Within five years of introducing casino gambling into communities, robbery typically goes up over 100 percent; auto theft goes up more than 75 percent; aggravated assault go up 90 percent; rape up 20 percent.  These same communities also experience dramatic per capita increases in prostitution, drunk driving, embezzlement, family breakdown, domestic violence, bankruptcy and suicide – all in the midst of enhanced police protection. (http://uss-mass.org/crime.html)

Well, politicians can say one thing, and many common citizens can try to defend the entertainment value that their visits to the casinos offer to an otherwise mundane life. The Church, however, and any sincere Christian who strives to live under the reign of God, should cultivate a worldview influenced by the Gospel.

Last week, we heard Jesus offer the Golden Rule: “Do unto others as you want to them to do until you.” Treat others as you want to be treated. Ultimately, our entire Christian message can be summed up in the words, “Love one another as God loves you.” Love should be the motivating factor for each and every Christian. Yet, what does love have to do with gambling? Although we may not have many clear teaching in the Bible about casinos and gambling, we find very clear reference to divine love as the motivation for everything we do, divine love which expresses a sincere concern for our neighbor.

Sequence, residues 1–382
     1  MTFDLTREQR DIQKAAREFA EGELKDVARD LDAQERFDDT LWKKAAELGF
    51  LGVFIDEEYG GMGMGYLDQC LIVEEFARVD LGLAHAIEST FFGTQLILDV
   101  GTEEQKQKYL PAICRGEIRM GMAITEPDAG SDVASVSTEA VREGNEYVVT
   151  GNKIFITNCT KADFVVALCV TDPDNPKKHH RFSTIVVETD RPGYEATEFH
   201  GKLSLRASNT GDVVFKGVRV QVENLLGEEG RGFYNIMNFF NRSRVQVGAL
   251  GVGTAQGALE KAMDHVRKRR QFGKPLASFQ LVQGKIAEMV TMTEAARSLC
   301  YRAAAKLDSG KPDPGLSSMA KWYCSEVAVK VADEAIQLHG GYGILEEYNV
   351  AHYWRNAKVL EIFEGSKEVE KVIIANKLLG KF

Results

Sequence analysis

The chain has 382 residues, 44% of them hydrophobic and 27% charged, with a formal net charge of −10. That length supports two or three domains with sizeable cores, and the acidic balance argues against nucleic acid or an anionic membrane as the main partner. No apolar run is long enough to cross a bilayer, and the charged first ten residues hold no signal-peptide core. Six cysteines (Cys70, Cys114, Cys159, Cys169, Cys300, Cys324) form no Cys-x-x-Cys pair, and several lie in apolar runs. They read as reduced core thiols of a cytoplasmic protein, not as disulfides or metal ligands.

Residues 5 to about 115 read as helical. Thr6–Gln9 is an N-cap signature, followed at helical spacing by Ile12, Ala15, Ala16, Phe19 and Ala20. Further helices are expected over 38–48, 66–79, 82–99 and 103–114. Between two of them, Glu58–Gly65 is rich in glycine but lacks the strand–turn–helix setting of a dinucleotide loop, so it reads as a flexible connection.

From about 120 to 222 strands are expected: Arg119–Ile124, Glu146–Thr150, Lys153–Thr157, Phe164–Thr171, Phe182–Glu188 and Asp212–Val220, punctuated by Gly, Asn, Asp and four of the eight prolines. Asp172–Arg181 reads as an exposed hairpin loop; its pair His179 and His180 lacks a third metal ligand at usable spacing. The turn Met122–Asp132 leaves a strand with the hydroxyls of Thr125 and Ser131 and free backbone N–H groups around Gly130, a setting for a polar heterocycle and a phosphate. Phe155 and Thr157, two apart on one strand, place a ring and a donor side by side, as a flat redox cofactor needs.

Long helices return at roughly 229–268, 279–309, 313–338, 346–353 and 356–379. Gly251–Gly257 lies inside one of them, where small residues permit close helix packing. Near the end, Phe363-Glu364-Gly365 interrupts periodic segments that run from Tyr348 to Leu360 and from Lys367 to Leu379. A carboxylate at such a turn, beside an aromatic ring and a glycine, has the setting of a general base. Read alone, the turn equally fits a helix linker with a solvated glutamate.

To love God with all our soul, heart, mind and strength, and then to share this divine love with our neighbor is the essence of our faith. Our identity badge as Christians should be our love for others! What does this love that Christ exemplified on the Cross, this love that we see victorious in the Resurrection, this love that Christ instilled in His followers and commanded us to witness and share with the world around them, what does this love have to do with gambling and casinos and other forms of “gaming entertainment?”